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Ann Arbor, Mich., home outfitted with rainwater harvesting system for sustainability
Above: Rainwater harvesting cisterns before underground installation
Michael Klement of Architectural Resource was forming a design team seeking full Living Building Challenge (LBC) certification for a residential project near Ann Arbor, Mich., and reached out to the American Rainwater Catchment Services Assn. (ARCSA) for resources. Stark Rainwater Harvesting, based in Duluth, Minn., had experience with cold weather applications and joined the team to consult and deliver an integrated rainwater harvesting system solution. The company’s background in surface water hydrology, rainwater harvesting, composting and greywater implementation helped position it for the job.
Goals & Technology
The home at Beacon Springs is named Burh Becc, which means “a dwelling by a creek” in Old English. Tom and Marti Burbeck, the owners, set goals to rehabilitate the damaged site, produce food for the local community following the principles of permaculture, and achieve LEED Platinum and full LBC certification.
Early design development focused on water use reduction strategies. Techniques included installing low-water-use fixtures, native plantings, a urine-diverting composting toilet system, greywater subsurface irrigation for an apple orchard and rainwater harvesting as the primary water source for indoor use.
A rainwater harvesting system would capture water from the home and garage to meet a year-round daily water demand of 67 gal. The system also would meet ARCSA/ASPE Standard 63 for rainwater harvesting. Stark Rainwater Harvesting worked with landscape architect Shannan Gibb-Randall of Insite Design Studios to design overflows from the cisterns to a series of swales terminating in a pond used for outdoor irrigation, ensuring surface water runoff does not impact adjacent water bodies.
The rainwater harvesting system consists of three 2,500-gal Den Hartog Aquifer below-ground cisterns, WISY four-step prefiltration and in-tank processes, a submersible ¾-hp Goulds pump and a treatment skid with a Viqua Pro 20-gal-per-minute ultraviolet treatment system. The skid includes a wireless tank monitor and water meters to measure rainwater use, well use and makeup water.
Three 2,500-gal underground cisterns were used to harvest rainwater for irrigation. The water services five outdoor spigots.
Michigan plumbing code does not have a chapter directly addressing rainwater harvesting, but does include a section on greywater reuse, which permits rainwater harvesting projects in the state. The general contractor, Bob Burnside of Fireside Home Construction, engaged local regulatory officials to present the initial plans. Ultimately, the rainwater harvesting system only was permitted to be installed for outdoor irrigation. The composting and greywater applications were denied.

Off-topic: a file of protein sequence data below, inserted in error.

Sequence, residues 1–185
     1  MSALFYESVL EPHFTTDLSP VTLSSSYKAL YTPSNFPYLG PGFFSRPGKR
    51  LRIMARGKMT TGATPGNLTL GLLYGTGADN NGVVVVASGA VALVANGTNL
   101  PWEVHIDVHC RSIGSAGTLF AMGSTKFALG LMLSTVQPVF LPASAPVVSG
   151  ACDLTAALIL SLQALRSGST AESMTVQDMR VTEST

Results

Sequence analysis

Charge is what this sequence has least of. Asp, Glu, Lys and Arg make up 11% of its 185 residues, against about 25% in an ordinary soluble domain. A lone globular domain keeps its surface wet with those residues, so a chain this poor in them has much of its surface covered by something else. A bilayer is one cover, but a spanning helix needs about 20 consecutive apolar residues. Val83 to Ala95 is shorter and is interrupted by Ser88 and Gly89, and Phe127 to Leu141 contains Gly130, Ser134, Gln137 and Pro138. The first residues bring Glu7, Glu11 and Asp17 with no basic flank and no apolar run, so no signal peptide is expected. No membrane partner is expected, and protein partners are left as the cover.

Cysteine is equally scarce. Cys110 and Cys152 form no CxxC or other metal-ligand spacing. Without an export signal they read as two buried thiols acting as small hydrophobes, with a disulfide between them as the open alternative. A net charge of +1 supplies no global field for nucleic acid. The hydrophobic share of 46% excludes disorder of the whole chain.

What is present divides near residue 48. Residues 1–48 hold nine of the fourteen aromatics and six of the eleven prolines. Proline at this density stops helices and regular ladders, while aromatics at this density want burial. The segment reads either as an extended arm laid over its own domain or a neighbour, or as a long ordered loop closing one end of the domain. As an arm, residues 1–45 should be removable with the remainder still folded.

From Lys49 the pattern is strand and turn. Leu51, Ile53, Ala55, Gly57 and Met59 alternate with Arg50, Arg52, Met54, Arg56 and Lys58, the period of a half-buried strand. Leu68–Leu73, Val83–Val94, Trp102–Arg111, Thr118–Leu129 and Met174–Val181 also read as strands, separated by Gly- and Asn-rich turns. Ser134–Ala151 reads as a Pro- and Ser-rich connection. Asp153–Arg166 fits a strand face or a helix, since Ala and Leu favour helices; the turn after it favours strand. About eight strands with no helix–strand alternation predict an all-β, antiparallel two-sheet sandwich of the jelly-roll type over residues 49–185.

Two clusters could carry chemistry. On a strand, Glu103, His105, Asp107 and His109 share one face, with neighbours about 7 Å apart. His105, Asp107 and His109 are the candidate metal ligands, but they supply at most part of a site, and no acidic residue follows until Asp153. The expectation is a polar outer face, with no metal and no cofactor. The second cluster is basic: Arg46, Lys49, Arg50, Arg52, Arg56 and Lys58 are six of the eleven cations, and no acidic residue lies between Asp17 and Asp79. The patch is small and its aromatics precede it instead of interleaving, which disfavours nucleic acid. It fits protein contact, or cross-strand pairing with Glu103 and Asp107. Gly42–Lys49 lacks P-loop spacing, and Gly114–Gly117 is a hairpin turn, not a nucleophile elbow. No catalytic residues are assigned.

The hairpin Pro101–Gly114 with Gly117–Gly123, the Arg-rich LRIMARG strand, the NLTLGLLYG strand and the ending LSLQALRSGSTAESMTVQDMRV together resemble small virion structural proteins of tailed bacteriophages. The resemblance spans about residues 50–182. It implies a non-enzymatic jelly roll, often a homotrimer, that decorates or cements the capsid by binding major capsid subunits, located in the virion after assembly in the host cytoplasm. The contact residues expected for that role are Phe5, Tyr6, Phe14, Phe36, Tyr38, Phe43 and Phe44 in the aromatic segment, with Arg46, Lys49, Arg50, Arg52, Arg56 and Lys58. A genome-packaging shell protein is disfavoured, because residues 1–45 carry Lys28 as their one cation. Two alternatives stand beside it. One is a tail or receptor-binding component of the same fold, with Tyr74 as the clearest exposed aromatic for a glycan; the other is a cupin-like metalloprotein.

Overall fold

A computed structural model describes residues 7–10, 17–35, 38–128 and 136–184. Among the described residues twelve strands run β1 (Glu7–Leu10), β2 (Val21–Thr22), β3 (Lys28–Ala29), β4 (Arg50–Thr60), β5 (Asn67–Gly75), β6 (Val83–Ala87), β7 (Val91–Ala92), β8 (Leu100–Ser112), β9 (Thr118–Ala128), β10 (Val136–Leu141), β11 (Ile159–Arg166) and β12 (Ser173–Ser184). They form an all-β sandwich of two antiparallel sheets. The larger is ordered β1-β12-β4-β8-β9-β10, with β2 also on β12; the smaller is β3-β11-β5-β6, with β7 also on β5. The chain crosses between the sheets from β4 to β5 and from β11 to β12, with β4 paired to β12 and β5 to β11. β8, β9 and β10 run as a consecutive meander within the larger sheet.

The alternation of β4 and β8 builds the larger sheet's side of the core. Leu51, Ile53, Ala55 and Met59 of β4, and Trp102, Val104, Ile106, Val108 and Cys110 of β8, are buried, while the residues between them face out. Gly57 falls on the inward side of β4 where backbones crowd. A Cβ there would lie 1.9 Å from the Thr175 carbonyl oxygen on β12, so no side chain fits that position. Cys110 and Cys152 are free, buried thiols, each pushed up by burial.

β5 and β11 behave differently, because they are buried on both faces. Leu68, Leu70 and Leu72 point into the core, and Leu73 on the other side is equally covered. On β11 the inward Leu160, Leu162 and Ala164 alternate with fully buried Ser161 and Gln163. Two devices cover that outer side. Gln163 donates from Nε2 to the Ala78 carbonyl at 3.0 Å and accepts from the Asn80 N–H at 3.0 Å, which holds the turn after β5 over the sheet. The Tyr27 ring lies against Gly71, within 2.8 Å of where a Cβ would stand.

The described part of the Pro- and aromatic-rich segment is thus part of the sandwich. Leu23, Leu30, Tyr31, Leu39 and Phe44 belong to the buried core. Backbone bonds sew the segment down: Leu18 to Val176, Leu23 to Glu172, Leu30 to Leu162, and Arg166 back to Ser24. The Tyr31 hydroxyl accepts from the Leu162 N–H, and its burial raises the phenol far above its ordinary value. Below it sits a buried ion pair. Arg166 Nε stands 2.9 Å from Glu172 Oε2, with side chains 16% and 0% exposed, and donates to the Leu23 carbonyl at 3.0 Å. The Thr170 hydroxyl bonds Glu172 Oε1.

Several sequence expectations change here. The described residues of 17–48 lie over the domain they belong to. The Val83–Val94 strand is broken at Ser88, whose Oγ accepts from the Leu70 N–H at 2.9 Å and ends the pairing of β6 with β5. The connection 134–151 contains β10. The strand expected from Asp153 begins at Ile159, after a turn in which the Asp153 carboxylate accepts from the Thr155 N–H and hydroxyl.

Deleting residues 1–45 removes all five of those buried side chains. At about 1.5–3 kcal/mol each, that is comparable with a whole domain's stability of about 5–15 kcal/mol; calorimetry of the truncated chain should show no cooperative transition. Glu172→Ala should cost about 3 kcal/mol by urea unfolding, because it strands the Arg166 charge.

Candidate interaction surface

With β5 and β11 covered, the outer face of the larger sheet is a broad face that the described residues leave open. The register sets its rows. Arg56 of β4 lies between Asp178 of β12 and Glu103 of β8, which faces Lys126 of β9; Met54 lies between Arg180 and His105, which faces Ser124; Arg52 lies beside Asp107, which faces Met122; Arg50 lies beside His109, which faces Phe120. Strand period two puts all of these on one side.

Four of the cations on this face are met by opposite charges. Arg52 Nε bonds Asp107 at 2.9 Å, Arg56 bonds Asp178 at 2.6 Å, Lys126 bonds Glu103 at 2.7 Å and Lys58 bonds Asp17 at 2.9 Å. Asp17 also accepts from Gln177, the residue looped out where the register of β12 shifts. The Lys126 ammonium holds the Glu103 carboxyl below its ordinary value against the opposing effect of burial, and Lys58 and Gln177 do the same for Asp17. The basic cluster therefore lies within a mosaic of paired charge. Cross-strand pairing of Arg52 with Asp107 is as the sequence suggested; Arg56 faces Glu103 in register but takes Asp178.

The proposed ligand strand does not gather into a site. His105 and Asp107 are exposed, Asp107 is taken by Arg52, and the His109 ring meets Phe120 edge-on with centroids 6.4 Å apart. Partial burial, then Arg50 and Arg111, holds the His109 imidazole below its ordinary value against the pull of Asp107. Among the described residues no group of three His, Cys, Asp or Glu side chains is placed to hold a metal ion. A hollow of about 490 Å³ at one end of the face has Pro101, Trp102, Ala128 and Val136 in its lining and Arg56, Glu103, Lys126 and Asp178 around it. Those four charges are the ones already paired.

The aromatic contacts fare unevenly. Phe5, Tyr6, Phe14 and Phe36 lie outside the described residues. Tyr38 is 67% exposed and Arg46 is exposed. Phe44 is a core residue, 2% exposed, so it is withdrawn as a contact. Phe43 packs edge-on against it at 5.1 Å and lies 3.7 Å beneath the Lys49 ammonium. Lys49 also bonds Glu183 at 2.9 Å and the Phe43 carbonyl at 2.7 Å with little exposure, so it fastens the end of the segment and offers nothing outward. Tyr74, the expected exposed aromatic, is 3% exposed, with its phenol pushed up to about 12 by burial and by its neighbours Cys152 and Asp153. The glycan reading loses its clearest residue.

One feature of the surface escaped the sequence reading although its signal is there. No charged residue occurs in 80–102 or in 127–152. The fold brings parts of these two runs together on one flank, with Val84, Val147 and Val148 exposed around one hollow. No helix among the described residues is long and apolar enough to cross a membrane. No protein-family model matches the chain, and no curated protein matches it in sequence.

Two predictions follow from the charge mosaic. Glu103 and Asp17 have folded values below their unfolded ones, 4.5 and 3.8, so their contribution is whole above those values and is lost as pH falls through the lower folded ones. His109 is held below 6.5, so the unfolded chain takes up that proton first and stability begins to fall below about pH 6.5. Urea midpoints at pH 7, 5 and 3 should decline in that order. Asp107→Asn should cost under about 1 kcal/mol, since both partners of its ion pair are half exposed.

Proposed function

The existing site had a well and septic system both in need of rehabilitation to meet current codes. The systems are allowed within the LBC framework and thus were brought online. Part of the LBC requires that teams engage local officials even if a given practice is not currently permitted.
In the basement of the home, architects designed an area referred to as the “plumbing pit” to allow access to all mechanical systems. The home was plumbed to follow Michigan plumbing code and can be retrofitted when the code allows. The Burbecks chose to install the entire rainwater system, including disinfection, planning for when rainwater harvesting will be allowed inside the home. Irrigation demand will be higher during the first year of operation to establish the native plants, so the decision was made to serve five outdoor spigots with rainwater and utilize the well for all indoor use. The design team, builders and owners are anxiously awaiting the ICC/CSA code that likely will drive implementation of a rainwater harvesting code in Michigan.
The rainwater harvesting system was installed in the spring of 2016. During the first year of operation, the home’s actual performance will be measured against the requirements of the LBC standard for full certification.
While working in Ann Arbor, the Stark team met a number of people facing similar questions, including students from the University of Michigan Blue Lab and a team attempting to permit a rainwater system for use as thermal storage at a commercial spa. These early adopter projects and other groups requested an ARCSA Accredited Professional course, which was held in Ann Arbor in May 2016.
The system includes prefiltration and ultraviolet treatment to meet Michigan plumbing code.